Nature and Ingenuity
Grover Cleveland “Jeep” Harned founded Music Centers Incorporated in Fort Lauderdale following his discharge from the U.S. military in 1960. His knowledge of radar equipment learned while serving as an army lieutenant laid the groundwork for a successful career designing, manufacturing and selling the highest quality audio equipment on the market. Jeep spent over 25 years growing his company from a one man operation to over 525 employees, eventually selling MCI to Sony in 1982. His passion for innovation and ingenuity in his professional sphere suffused into Jeep’s personal, decades-long art collecting endeavor.
After retiring and moving up to Asheville, North Carolina, Jeep would often attend local estate sales to while away his time. Art glass grabbed his attention, and so he began collecting, working his way up in caliber until the work of Tiffany Studios and Thomas Webb became his main focus. He owned his own plane, so if he heard of a prominent collection going up for sale or even one piece that he was interested in, Jeep would hop on the plane and see if he could acquire whatever it was that struck his fancy.
We later settled in Durango, Colorado, where the stunning landscape and proximity to nature brought us much joy. Tiffany’s many representations of nature brought the outdoors into our home. At night, our house glowed with Tiffany lamps. Jeep’s admiration of the beauty and craftsmanship in both Tiffany’s leaded glass and blown glass pieces motivated him to build a collection that he was truly proud of and which fulfilled him greatly.
Magnificent Tiffany Works from The Collection of Jepp and Carla Harned, Durango, Colorado
A Rare "Fruit" Table Lamp
This exceeding rare "Fruit" lamp is the fourth example ever made, and was one of the earliest models created by the Tiffany Studios, as signified by the inclusion of a dash number. The shade, which presents Baldwin apples, green foliage and clusters of grapes, was discontinued in 1906. The magnificent bronze "Turtle-Back" base is the ideal foil to the shade – the rich brown and green patina of the base complements the forest green leafage of the shade nicely. Considered as a single entity, this lamp is a superlative object that brilliantly displays the artistic culmination of Louis Tiffany’s exploration of the motif.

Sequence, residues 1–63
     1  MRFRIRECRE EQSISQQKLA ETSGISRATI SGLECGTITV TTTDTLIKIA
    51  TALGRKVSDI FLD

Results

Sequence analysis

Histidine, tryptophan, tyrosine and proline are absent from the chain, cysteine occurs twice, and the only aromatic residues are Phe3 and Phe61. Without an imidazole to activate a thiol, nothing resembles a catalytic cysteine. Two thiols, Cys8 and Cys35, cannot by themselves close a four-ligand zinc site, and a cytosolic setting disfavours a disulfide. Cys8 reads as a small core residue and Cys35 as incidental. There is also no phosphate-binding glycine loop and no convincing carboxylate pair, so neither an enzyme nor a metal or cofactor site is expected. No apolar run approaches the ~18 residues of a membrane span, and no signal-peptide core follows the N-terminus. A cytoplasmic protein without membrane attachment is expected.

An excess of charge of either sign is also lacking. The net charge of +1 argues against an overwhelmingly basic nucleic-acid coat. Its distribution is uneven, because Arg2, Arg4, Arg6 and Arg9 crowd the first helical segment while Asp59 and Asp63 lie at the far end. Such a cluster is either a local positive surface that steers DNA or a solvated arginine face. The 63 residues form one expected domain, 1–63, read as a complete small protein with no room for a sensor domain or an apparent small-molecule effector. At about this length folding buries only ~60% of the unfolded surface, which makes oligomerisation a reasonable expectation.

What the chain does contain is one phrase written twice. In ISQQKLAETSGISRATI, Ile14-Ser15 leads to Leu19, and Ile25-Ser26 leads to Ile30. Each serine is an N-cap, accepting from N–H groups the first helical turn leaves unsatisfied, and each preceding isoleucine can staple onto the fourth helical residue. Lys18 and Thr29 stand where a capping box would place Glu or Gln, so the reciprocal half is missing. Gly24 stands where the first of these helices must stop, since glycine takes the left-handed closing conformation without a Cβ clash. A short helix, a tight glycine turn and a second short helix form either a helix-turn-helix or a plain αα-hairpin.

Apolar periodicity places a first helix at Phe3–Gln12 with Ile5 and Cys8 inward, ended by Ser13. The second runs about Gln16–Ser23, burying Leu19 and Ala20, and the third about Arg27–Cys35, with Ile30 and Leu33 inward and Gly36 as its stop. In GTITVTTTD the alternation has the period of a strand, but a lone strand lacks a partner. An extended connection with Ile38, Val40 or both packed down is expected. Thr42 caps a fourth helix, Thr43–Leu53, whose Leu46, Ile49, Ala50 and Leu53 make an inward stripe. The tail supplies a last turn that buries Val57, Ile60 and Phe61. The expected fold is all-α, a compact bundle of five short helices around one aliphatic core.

"Elaborate Peony" Table Lamp
The peony blossom, with its extraordinary lushness and variation in color palette, was the ideal subject for Tiffany’s leaded glass shades and was represented in a few variations by the firm. This particular lamp also uses a rare reticulated "Arch and Leaf" base, which grants the lamp an impressive sculptural presence.
"River of Life" Window
Tiffany Studios' craftsmen mastered the difficult task of capturing the beauty and complexity of the natural world in a variety of mediums. The firm's landscape windows, particularly their popular "River of Life", was one of their most successful endeavors in this regard. In addition to its richly layered composition, the many techniques employed in the assembly of the present window contribute to its incredible pictorial depth. The peaceful and sublime landscape achieved through Tiffany's impeccable artistry invites the viewer to pause and contemplate the grandeur of the natural world.
"Wisteria" Table Lamp
The “Wisteria” lamp was one of the most ambitious and successful models produced by Tiffany Studios. Today, historians recognize the lamp as an icon of American design and one of the studio's greatest accomplishments in leaded glass. The present lamp is fascinating both due to its beauty and the presence of an accession number on the base, which suggests the pieces was at one time in the collection of or exhibited at the Chrysler Museum in Provincetown, Massachusetts. Though no records exist from this period, it would not be surprising for such a high-caliber lamp to have been exhibited at such a prestigious institution.